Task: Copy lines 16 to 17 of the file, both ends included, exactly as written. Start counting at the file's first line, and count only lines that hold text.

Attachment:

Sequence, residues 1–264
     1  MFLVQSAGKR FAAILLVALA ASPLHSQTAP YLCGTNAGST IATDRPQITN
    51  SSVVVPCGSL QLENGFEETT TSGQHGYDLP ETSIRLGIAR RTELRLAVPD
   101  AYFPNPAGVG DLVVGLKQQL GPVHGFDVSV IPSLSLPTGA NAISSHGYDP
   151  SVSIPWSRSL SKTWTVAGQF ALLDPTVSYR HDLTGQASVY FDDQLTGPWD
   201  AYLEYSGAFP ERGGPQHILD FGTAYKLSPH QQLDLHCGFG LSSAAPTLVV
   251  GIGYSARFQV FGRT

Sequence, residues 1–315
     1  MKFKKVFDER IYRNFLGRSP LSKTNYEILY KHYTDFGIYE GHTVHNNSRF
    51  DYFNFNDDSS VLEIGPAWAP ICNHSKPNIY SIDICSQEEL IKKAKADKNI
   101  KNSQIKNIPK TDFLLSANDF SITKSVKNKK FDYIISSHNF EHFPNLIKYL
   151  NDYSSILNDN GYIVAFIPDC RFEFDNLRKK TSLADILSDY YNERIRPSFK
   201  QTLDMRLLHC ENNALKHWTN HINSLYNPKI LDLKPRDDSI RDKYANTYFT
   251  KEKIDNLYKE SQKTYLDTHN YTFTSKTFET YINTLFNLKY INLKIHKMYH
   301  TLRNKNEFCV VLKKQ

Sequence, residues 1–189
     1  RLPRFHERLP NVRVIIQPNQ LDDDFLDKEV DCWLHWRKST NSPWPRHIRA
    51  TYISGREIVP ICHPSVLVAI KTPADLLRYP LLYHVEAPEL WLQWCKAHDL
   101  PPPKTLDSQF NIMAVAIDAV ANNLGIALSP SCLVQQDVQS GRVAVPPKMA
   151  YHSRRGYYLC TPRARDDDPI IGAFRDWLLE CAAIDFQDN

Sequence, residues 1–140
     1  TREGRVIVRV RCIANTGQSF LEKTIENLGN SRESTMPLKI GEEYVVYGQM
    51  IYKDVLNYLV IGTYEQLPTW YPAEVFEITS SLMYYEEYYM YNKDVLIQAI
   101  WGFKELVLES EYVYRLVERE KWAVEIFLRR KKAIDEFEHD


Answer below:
Sequence, residues 1–189
     1  RLPRFHERLP NVRVIIQPNQ LDDDFLDKEV DCWLHWRKST NSPWPRHIRA